Years of surprisingly low audit examination rates have ended with an announcement from the IRS that the number of small business audits in 2021 will increase by fifty percent. Regardless of recent changes in tax law and uncertain effects of economy-stimulating programs, the IRS will be focusing on small businesses and their investors during the upcoming year.
To aid in its initiative to ramp up enforcement efforts, the IRS will hire 50 specialized auditors by February 2021. These reinforcements will help the government agency efficiently audit parties that have historically been difficult to audit, like partnerships and pass-through entities.
The IRS can audit returns up to three years old, and if notable issues are found in the taxpayer’s filings, older returns can be examined. Insogna CPA advises small businesses to protect their businesses from an audit by following these 5 pieces of advice:
- Maintain organized records: To avoid being flagged for an audit, ensure that you report all income, deductions, credits, expenses, and other important numbers. Additionally, make sure that you can produce enough documentation to support what you have reported.
- Watch your deductions: Out of the ordinary itemized deductions warrant a closer look from auditors. Find a licensed CPA to help you if your small business wants to claim unique deductions or report losses. Don’t forget that reporting losses for three years or more can raise your chances of an audit to verify that your business is legitimately running.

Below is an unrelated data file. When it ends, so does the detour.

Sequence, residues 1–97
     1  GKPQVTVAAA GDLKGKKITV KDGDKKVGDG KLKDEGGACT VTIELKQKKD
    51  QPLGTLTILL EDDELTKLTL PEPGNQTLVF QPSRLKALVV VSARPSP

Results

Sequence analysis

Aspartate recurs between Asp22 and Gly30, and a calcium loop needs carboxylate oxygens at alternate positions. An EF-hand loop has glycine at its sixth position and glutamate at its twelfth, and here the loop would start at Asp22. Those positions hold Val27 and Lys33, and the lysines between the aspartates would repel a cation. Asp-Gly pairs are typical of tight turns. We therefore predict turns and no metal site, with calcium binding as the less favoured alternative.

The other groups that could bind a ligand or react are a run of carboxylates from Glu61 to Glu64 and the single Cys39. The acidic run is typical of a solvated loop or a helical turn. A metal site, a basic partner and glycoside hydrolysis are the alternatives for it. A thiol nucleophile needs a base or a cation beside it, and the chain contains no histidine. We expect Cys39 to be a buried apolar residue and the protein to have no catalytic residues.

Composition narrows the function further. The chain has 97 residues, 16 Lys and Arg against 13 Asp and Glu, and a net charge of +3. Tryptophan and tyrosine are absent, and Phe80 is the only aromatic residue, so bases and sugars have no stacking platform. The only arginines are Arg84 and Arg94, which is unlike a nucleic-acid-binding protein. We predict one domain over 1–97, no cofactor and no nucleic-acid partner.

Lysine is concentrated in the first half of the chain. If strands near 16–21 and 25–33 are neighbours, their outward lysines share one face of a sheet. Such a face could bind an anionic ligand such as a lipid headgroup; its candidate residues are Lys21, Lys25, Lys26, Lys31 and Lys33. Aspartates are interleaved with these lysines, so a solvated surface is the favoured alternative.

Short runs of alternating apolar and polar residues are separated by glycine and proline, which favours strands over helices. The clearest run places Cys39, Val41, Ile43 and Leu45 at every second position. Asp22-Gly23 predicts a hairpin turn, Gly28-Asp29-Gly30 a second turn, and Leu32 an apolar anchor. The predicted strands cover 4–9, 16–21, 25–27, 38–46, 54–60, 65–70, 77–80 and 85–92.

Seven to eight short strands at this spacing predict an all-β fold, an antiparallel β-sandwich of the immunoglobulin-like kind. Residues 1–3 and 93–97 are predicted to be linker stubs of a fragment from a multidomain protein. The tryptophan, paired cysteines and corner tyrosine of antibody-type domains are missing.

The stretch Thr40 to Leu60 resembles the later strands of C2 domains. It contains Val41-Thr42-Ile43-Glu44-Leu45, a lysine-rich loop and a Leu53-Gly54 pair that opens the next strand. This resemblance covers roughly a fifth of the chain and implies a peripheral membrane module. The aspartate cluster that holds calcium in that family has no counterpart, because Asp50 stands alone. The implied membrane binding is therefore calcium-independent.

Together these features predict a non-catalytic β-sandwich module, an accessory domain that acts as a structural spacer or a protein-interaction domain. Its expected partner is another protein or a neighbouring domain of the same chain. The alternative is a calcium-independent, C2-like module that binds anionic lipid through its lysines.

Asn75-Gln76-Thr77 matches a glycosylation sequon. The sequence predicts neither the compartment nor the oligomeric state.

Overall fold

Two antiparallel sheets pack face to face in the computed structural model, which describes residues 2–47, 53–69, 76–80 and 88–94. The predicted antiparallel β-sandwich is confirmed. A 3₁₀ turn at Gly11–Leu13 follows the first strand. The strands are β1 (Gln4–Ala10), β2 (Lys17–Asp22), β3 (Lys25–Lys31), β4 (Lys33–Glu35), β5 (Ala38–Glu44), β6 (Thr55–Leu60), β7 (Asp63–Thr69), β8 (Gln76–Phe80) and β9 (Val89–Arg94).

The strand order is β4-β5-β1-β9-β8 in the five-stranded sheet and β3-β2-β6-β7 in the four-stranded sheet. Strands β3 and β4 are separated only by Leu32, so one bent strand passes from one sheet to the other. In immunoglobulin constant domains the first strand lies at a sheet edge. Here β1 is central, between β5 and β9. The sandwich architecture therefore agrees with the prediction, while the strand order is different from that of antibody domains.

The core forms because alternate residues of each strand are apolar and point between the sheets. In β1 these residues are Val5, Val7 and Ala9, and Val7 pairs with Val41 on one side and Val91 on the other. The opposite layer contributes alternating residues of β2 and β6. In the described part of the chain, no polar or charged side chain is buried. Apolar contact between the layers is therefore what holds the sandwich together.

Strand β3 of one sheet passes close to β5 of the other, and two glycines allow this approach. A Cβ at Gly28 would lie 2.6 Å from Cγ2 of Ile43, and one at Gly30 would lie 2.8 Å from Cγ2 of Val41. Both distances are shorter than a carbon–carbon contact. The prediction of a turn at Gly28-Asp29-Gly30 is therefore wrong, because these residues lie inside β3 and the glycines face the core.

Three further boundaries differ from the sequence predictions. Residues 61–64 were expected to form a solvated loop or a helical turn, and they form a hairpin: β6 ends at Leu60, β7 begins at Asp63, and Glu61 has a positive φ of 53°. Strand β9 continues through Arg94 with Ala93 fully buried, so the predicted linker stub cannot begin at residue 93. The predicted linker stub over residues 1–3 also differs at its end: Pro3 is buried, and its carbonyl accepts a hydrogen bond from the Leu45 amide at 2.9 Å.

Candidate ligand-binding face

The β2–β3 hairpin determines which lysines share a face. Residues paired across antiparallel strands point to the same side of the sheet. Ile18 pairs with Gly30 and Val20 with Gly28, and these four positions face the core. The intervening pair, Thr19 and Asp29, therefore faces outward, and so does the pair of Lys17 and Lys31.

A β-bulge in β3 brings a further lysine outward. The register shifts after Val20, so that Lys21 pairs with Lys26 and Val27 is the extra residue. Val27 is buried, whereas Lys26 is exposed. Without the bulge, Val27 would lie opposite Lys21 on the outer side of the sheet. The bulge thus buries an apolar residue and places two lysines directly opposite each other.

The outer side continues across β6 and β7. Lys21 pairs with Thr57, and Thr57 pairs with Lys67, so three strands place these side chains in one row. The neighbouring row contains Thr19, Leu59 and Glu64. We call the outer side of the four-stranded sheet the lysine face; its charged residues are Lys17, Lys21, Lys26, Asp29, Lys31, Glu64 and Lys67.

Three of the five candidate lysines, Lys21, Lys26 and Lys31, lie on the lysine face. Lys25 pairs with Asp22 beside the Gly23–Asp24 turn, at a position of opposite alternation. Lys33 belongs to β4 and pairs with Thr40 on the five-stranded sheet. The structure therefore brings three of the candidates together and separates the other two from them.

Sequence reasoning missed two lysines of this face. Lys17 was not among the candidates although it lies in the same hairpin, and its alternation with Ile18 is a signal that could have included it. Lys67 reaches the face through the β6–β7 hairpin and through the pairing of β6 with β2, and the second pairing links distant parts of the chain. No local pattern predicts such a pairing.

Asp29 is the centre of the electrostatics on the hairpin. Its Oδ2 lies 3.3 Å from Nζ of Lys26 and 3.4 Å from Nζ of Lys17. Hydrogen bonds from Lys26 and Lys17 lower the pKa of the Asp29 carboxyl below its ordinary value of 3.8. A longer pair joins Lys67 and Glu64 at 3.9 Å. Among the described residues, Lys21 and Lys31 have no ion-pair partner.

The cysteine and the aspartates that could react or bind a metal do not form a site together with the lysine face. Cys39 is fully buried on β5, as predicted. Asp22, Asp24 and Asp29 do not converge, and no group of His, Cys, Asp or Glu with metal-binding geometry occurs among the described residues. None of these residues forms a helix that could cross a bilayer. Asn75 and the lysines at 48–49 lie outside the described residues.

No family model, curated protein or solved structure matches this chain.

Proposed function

- Pay estimated taxes throughout the year: Calculate how much tax you can assume to pay throughout the year and make quarterly tax payments. Not making estimated tax payments during the year raises your chances of an audit or related penalties.
- Try digital bookkeeping: Bookkeeping technology enables you to stay organized, accurate, and secure. In turn, this will help your CPA file and prepare your tax returns with precision. This will help your small business avoid triggering an audit for unintentional bookkeeping mistakes.
- Familiarize yourself with the rules: Do you know what category your business falls into? If your small business was formed as a partnership, take the time to ascertain if you are affected by the Centralized Partnership Audit Regime put into place by the Bipartisan Budget Act of 2015. This Act made significant changes to IRS partnership audit procedures.
Staying on top of complex updates and changes to tax law and audit can be extremely difficult for small business owners. This announcement reinforces the importance of properly tracking your financials and making sure your taxes are reported accurately. Employing the help of a CPA can be the difference between avoiding an audit and being flagged for one.
Want help safeguarding against small business audits in 2021? Contact Insogna CPA to work with a team of experts experienced in small business taxes.